Amazon yesterday announced their new Kindle Fire Tablet device that will be powered by the Google Android OS. The most stunning part of the announcement wasn’t so much the device itself but rather the $199 price point it be will sold at. That’s half the price of any competing new tablet that has been released and $300 less than the $499 starting price of the Apple iPad 2. You can quite literally get two Kindle Fire’s for less than the price of an iPad. So for all those students that were on the fence about buying an iPad 2 and decided you just couldn’t justify the cost when you needed a laptop as well, is the Kindle Fire a potential substitute for the iPad?
The answer is that it could be, but you have to understand the limitations of the Kindle Fire compared to the iPad and decide what it is you’re really looking for in a tablet. First let’s compare the features of the iPad 2 with the Kindle Fire:
|Apple iPad 2||Amazon Kindle Fire|
|Price||$499 – $829||$199|
|Screen||9.7-inches, 1,024 x 768 IPS screen||7-inches, 1,024 x 60 IPS screen|
|OS||iOS||Android with Amazon software on top|
|Processor||Dual Core A5||Dual core TI OMAP 4|
|Content||Amazon, B&N, iBooks & more||Amazon App Store|
|App Store App Count||90,000 iPad, 500,000 iPhone||16,700|
|Storage Capacity||16 – 64GB||8GB|
|Wireless Options||Wi-Fi, 3G, Bluetooth 2.1||Wi-Fi, Bluetooth 2.1|
|Camera||Front and Rear||No|
|GPS||3G Models have GPS||No|
|Browser||Mobile Safari||Amazon Silk|
|Battery Life||7.5 hours||8 hours|
|System Requirements||PC or Mac for synching, iTunes software||None|
Based on this table comparison you can see that the iPad 2 is more fully featured. It has dual cameras, a larger screen, more options such as 3G, GPS and higher storage capacity. As soon as you start adding those optins the price of the iPad 2 of course increases. Amazon offers no upgrade options, it’s a one size fits all, and the sacrifices they make in terms of less storage and no 3G is what enables the low price of the Kindle Fire.
Buying Case for the iPad
If you’re a student that’s looking for a tablet that could potentially replace a laptop for on campus needs, the Kindle Fire definitely is not going to cut it. It sounds like Amazon has put a layer on top of the Android OS that really turns the device into more of a content consumption tablet. It will be fine for browsing the web, watching movies, reading Kindle books and even listening to MP3s but it’s not going to offer the ability to easily edit documents like Apple does with the iPad apps currently available. For instance, Apple Notes allows editing of word processing documents, Numbers is an Excel alternative, and Keynote allows editing of PowerPoint documents. There are a whole host of productivity and education focused apps in the Apple App Store. I don’t believe Amazon will put a focus on making productivity apps available for the Kindle Fire and given that it has a 7-inch screen it would be to tough to be very productive with that limited screen real estate anyway.
Buying Case for the Kindle Fire
On the flip side, if you’re simply looking for a tablet that you can easily carry around with you on campus and pull out whenever you have a break between classes or need to reference material on the web, the Kindle Fire might be a good solution if your campus has readily available wi-fi. I say that because the Kindle Fire, unlike the other Kindle devices sold by Amazon, has no 3G option so if Wi-Fi is not available you can’t do a whole lot with the Kindle Fire except read books, watch movies or listen to MP3s that are already stored on its 8GB internal storage. One big advantage the Kindle Fire does have it that it is under 1lb and smaller than the iPad 2 so is well suited for something you want to easily be able to pull in and out of your backpack and hold with one hand.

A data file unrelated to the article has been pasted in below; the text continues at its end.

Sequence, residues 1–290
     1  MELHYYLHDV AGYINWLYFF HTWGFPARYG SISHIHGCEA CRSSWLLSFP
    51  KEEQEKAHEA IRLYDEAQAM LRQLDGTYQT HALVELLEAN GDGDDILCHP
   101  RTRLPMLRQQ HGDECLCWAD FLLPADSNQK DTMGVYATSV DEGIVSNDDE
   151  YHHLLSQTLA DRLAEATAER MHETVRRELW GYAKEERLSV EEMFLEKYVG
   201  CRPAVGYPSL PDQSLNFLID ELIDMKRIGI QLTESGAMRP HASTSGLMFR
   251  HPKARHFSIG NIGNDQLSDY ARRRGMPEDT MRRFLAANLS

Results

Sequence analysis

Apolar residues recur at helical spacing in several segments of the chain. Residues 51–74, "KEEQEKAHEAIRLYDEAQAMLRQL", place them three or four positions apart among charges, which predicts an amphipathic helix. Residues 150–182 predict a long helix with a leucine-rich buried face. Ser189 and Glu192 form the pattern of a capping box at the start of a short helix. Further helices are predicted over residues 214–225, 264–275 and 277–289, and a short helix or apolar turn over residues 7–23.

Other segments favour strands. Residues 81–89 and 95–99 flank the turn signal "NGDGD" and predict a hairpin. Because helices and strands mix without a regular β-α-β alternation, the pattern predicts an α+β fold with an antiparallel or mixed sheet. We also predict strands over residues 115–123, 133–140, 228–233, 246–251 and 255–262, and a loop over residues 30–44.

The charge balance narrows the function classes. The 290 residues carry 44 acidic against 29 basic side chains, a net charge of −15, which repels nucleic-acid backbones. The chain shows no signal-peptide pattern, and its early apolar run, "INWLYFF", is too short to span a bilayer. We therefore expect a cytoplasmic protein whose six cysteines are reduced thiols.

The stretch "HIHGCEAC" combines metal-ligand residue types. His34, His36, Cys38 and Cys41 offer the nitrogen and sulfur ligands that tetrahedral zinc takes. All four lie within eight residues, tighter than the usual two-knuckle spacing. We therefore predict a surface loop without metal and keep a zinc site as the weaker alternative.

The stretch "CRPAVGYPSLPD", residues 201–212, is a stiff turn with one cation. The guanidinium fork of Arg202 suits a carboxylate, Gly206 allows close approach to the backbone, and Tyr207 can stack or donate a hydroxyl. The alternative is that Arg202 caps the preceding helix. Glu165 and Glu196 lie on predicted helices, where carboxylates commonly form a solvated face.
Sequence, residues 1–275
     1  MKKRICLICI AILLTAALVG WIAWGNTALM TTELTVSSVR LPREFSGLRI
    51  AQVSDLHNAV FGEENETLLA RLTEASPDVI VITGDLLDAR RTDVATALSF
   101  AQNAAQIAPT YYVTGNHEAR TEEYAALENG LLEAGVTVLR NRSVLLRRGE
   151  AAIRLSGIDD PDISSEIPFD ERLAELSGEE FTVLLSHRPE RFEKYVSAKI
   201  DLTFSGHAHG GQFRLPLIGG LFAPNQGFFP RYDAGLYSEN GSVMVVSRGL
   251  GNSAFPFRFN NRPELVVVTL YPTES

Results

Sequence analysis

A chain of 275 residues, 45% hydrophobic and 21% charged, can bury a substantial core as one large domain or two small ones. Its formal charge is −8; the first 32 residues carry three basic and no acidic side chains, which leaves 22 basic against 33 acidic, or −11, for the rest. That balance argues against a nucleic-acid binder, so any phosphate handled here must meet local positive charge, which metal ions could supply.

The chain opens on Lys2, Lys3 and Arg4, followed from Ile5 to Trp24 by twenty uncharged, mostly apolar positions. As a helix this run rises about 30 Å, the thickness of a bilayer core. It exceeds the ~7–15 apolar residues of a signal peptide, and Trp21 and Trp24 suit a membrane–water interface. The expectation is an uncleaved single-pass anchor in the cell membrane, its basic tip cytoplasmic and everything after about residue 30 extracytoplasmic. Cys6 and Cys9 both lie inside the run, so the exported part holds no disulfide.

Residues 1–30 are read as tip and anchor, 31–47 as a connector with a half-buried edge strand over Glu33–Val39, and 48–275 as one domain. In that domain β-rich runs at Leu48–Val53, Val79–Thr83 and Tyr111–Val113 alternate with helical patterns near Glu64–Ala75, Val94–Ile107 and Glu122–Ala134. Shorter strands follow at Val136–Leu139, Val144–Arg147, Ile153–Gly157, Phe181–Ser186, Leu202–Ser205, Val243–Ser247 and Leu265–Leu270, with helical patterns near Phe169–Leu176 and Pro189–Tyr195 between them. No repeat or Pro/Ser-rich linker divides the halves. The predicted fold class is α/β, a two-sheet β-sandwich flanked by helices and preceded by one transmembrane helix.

And then there’s the big price differential. Since students are on a budget it’s harder to justify the price of an iPad when you’re already up to your eyeballs in tuition, textbook and basic living costs. It’s easier to justify spending $199 for something that might be helpful in school and providing some entertainment as well than $499 or more. Another big factor is that theft of Apple devices on campus can be rampant. A thief knows exactly what a MacBook, iPhone or iPad looks like and will target them. They sell well and can be converted to cash and sold easily. A Kindle Fire will likely draw much less attention and if it were stolen the loss to you is obviously not as huge. It’s a little sad to consider such things, but hey, it’s the reality if you live on a campus that has a dense population and especially those in urban areas.
At the end of the day you have to decide what your needs are and which tablet device might suit you better. Sure, there are a ton of other tablet options out there, but frankly I think it’s going to come down to Apple and Amazon being the big players in the tablet market. If you’re starting to shop for a tablet these are the two to start with when looking. If you need a fully fledged tablet that would allow for video chat, using productivity apps and taking advantage of a vast library of software already available then the iPad is the way to go if you can afford it. If you just want something for being able to browse the web or watch movies on the go, so long as you know you’ll have access to wi-fi where you plan to use it, the Amazon Kindle Fire is a good fit.